Christian, we all have a personal identity, a family identity, but most importantly, we have a spiritual identity! Who are we? We are sons and daughters of God (John 1:12). We are heirs and joint-heirs of Christ (Romans 8:15, 16). We are overcomers because the Greater One lives inside us (1 John 4:4).
Friend, let others call you what they want. But you are accountable to God for what you answer to. Your identity is what determines your destiny.
Remember Who you represent. This is the image issue.
The main image Daniel projected was as a “servant of the living God” (Daniel 6:20). I’m not sure today’s Christian fully understands our representation. We should be reflecting Jesus Christ’s image as we represent His Kingdom.
Servants of Christ have been given authority to represent Christ. “We are ambassadors of Christ” (2 Corinthians 5:20). Ambassadors are pilgrims in a foreign land who uphold the image of the King they represent. They speak on behalf of their native country. They are commissioned with great responsibility. They represent the King’s name and power, metaphorically as keyholders and gatekeepers. An ambassador is a mature individual, having had a personal experience with King Jesus. Commissioned to bring hostiles into the Kingdom, an ambassador is not ashamed to beg. “As though God were pleading through us we implore” others to “be reconciled to God.”
Acts 11:26 records “they were first called Christians” in Antioch. They represented His image so well that the unconverted described them as “little Christs.” If we allow ourselves to be called Christian, let us live up to the dignity of the His name and represent His image. “He who says he abides in Him ought himself also to walk just as He walked” (1 John 2:6). Since in Him is no sin, “Let everyone who names the name of Christ depart from iniquity” (2 Timothy 2:19). Remember Who you represent and bear His image well.
Remember why you are here. This is the influence issue.
If you can settle the identity and image issues, you’re prepared to use your influence the way God designed. Influence is given to be His witness.
This was the plan of God for His servant Israel. His peculiar nation was told, “You are My witnesses” (Isaiah 43:10, 12). The Gentile nations around them who knew not the one true God of Israel were supposed to be influenced by their continuous light (Isaiah 60:3). Daniel and many other Hebrews held onto that conviction despite living in a strange land. They shifted policies and influenced governments despite the oppressive hand of their enemies. Because they never forgot who they were and Whom they represented, they were able to use their influence as God’s witnesses.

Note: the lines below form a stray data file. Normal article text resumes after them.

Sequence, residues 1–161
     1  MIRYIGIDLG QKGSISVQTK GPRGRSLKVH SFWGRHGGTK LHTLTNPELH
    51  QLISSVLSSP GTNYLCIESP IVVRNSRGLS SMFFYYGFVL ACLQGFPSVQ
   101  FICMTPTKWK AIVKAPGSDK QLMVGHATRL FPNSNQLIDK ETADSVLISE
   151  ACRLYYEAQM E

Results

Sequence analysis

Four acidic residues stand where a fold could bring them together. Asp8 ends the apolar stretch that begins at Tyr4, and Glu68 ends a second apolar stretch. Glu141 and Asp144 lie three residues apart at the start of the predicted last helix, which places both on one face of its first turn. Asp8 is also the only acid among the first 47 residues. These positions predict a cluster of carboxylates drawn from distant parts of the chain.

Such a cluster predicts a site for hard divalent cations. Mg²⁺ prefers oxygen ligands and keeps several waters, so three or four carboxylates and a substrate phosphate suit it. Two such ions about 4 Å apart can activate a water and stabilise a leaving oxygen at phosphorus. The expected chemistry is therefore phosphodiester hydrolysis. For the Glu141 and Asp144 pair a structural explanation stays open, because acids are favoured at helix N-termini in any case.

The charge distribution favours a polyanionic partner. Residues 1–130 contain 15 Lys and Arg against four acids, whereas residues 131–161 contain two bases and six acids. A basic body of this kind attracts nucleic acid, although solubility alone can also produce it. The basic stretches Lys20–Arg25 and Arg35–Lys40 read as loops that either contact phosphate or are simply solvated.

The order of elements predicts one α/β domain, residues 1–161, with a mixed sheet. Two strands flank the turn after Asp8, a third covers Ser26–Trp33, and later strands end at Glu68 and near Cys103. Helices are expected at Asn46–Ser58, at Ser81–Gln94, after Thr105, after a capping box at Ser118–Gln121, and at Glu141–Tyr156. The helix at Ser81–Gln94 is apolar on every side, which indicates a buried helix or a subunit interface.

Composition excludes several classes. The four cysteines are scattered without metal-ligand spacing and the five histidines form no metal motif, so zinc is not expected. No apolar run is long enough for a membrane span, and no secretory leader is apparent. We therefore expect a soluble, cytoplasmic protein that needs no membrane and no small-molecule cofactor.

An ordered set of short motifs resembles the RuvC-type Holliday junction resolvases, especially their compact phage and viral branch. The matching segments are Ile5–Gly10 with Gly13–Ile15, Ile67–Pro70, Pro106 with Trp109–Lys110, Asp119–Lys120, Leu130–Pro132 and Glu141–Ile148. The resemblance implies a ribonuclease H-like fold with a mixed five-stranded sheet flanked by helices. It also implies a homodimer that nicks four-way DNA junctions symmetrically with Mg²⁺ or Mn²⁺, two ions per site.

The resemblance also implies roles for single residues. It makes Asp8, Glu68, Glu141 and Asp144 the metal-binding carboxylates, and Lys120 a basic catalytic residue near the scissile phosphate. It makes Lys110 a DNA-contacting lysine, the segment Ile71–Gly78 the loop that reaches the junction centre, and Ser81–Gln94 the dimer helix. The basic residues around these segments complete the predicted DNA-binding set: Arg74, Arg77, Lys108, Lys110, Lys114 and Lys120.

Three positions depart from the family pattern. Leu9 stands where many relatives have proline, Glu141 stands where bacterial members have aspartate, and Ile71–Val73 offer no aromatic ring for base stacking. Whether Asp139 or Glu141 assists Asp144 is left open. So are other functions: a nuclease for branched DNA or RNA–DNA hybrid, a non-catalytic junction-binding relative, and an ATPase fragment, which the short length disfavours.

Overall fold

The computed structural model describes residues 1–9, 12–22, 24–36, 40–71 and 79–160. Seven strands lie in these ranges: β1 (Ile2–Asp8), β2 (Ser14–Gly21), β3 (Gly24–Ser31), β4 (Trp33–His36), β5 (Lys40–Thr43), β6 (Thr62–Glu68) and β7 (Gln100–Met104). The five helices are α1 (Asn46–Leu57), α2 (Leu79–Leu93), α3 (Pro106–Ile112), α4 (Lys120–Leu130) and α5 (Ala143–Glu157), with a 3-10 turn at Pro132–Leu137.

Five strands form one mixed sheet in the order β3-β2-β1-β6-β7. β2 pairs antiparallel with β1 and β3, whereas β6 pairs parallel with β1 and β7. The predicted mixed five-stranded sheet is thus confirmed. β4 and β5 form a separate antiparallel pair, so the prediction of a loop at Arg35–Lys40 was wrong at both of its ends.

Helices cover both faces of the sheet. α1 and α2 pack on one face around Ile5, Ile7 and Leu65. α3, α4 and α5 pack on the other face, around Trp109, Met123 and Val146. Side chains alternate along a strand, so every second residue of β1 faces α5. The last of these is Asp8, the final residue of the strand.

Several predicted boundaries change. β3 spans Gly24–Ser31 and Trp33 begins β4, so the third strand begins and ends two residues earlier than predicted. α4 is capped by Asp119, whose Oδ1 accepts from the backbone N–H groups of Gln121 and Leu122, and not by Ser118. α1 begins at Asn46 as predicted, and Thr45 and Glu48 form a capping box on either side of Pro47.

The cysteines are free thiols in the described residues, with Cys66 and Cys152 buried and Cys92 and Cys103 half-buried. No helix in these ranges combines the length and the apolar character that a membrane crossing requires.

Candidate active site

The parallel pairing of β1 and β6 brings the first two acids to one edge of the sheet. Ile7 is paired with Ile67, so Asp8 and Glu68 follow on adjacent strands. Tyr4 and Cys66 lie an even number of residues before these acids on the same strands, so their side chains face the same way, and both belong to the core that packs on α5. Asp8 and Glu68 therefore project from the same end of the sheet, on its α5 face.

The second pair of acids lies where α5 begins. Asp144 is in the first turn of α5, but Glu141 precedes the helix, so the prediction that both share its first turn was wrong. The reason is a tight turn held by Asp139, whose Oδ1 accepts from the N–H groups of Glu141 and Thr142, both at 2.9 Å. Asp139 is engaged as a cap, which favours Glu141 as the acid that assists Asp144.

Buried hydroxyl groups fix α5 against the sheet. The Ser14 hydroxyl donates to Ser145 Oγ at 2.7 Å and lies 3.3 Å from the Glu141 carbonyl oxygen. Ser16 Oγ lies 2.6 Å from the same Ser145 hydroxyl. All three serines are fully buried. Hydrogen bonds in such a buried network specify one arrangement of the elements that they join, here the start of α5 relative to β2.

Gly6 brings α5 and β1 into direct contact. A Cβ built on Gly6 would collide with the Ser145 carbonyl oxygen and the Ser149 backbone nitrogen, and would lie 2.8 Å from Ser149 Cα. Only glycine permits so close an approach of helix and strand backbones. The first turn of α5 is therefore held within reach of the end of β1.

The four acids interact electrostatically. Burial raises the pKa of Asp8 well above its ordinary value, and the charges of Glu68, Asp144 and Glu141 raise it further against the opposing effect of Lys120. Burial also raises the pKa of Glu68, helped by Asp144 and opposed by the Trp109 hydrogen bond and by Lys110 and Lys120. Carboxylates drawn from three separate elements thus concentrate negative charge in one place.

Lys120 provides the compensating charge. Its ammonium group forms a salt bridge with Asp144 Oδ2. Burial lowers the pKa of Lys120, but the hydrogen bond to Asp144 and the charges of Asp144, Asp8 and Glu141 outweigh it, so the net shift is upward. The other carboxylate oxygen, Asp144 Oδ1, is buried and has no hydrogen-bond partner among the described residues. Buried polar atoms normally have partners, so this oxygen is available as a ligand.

Let us never forget that as servants of Jesus Christ, we are called to be His witnesses. Jesus says, “You are the light of the world… Let your light so shine before men, that they may see your good works and glorify your Father in Heaven” (Matthew 5:14, 16). He insists that “you shall receive power when the Holy Spirit has come upon you; and you shall be My witnesses” (Acts 1:8).
We’re not called to whine and chide our ungodly culture but to lovingly influence them to look to God’s saving grace. We don’t have to run and hide but live as salt and light in this world. Remember why you’re here, servant of God. Use your influence to advance the Kingdom of God and His righteousness.
I’ve made up my mind that I will live blessed in Babylon.
Have you? I’ve never read that Daniel started a riot or led a protest. But he lived blessed in Babylon for 75 years. You can resolve to let his righteous tools of remembrance help you. Remember who you are (identity). Remember Who you represent (image). Remember why you are here (influence). Even if you start slow or start late, you can finish strong in the race of faith.
We will pass through many hardships between here and Heaven’s finish line (Acts 14:22). But God gives grace for healing and strength to endure each mile of the journey. You can live blessed in Babylon if you refuse to give up.
Ask God for help today and resolve to live blessed in Babylon.